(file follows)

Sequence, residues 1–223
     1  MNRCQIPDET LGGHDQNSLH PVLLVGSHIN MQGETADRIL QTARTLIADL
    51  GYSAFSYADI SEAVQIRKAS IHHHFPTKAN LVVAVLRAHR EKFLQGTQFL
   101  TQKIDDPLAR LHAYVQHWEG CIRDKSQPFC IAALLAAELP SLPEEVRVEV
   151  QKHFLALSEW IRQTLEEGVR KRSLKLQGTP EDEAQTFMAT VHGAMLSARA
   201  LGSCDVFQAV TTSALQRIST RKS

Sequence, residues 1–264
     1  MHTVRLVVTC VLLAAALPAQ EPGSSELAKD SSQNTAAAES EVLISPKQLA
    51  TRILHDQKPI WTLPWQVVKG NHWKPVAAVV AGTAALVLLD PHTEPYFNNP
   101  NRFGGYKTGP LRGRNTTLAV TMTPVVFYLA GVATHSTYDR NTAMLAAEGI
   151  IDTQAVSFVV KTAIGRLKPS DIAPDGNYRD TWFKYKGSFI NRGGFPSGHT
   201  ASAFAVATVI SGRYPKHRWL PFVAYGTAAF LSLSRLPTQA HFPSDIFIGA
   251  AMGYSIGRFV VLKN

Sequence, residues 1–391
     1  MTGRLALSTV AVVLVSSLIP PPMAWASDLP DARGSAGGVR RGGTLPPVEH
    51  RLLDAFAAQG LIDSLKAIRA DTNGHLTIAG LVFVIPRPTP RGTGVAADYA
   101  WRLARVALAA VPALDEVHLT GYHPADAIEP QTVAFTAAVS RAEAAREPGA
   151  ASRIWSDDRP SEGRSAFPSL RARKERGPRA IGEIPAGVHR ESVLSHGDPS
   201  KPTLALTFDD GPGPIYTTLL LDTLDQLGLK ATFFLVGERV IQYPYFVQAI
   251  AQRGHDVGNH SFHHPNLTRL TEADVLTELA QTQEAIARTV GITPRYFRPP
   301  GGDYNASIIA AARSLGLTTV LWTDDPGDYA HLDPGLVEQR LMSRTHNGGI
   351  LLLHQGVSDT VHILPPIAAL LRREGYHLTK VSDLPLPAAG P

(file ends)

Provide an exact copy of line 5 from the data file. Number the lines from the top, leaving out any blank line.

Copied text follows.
   151  QKHFLALSEW IRQTLEEGVR KRSLKLQGTP EDEAQTFMAT VHGAMLSARA